• Court of Appeal Finds Mark Confusing with Opponent's Design Mark, Where both Marks Considered in the Same Context Have No More Differences than Comparing Two Word Marks
  • November 28, 2016 | Authors: Jillian Brenner; Adrian J. Howard; Beverley Moore; Chantal Saunders
  • Law Firm: Borden Ladner Gervais LLP - Ottawa Office
  • Pizzaiolo Restaurants Inc. v. Les Restaurants La Pizzaiolle Inc., 2016 FCA 265

    This is an appeal from the Federal Court's decision setting aside the Registrar of Trade-marks decision to the extent that it dismissed the applicant's opposition regarding the mark PIZZAIOLO and Design (see 2015 FC 240, our summary here). On appeal, the only question was whether the Federal Court properly applied the reasonableness standard to determine that the Board had erred in reaching its conclusion that the opposition should be rejected.

    In dismissing the appeal, the Court of Appeal agreed with the Federal Court that the Board's analysis of the opposition based on paragraph 12(1)(d) of the Trade-marks Act was lacking in that the Board had failed to consider the full scope of the protection afforded by the registration of the respondent's mark.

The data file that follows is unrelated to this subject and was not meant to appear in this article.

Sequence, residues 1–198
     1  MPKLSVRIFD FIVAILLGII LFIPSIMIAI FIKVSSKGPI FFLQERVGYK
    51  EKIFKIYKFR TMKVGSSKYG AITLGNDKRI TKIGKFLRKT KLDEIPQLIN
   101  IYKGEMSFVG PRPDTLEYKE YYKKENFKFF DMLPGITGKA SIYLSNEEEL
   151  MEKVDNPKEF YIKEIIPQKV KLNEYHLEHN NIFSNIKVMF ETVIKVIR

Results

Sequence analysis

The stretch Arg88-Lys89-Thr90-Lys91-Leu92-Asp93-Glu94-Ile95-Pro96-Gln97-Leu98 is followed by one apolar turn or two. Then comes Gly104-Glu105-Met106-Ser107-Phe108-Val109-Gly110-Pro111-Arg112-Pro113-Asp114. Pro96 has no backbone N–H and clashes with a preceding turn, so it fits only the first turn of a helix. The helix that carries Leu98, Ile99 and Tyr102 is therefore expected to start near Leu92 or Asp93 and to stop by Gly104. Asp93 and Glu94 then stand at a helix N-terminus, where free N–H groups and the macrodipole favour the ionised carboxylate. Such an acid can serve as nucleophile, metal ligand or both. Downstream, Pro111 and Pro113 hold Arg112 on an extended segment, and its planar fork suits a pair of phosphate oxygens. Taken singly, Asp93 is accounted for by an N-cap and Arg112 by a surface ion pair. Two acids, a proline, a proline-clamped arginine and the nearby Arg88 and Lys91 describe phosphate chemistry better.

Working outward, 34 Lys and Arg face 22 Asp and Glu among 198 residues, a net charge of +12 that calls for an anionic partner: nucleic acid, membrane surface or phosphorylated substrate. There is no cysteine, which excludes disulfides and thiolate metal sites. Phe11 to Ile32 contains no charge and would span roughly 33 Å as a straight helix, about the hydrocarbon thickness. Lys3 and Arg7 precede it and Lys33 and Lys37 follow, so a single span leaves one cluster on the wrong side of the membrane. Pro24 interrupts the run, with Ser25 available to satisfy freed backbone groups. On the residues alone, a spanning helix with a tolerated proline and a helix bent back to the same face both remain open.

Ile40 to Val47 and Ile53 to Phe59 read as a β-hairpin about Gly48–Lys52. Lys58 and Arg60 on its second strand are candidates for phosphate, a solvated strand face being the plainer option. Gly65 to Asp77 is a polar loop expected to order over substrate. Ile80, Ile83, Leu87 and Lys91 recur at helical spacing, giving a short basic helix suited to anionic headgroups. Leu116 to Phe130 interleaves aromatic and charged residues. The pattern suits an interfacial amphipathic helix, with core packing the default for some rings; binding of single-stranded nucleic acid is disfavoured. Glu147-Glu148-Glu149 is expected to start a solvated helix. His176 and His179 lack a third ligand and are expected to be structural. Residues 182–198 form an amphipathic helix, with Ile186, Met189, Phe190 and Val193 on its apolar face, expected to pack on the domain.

The Board acknowledged that the scope of protection of the registered mark included the use of the word "Pizzaiolle" alone, and the respondent's use of the three designs reproduced in paragraph 7. On this basis, the Court of Appeal found that "it is most likely that using the word "Pizzaiolle" in an oval or simply on an oval sign would also qualify as use of the registered mark" since the word remains the dominant feature of the Design Mark.

    As mandated by the Supreme Court in Masterpiece, the Court of Appeal considered the two marks in the same context (i.e. the words "Pizzaiolle" and "Pizzaiolo" in square lettering in a lighter shade on a dark oval), and concluded that there were no more differences than when comparing the two word marks, in respect of which the Board had already concluded that there would be a likelihood of confusion. Thus, the Board's decision to dismiss the opposition in respect of the Design Mark was not within the range of acceptable and defensible outcomes.

    Lastly, the Court of Appeal cautioned that one should be careful not to give the principle set out in Masterpiece too great a scope as there would no longer be any need to register a design mark when one has a word mark. The Court of Appeal noted that its conclusion was entirely based on the facts of this case and the Board's findings as to what would constitute proper use of the registered mark.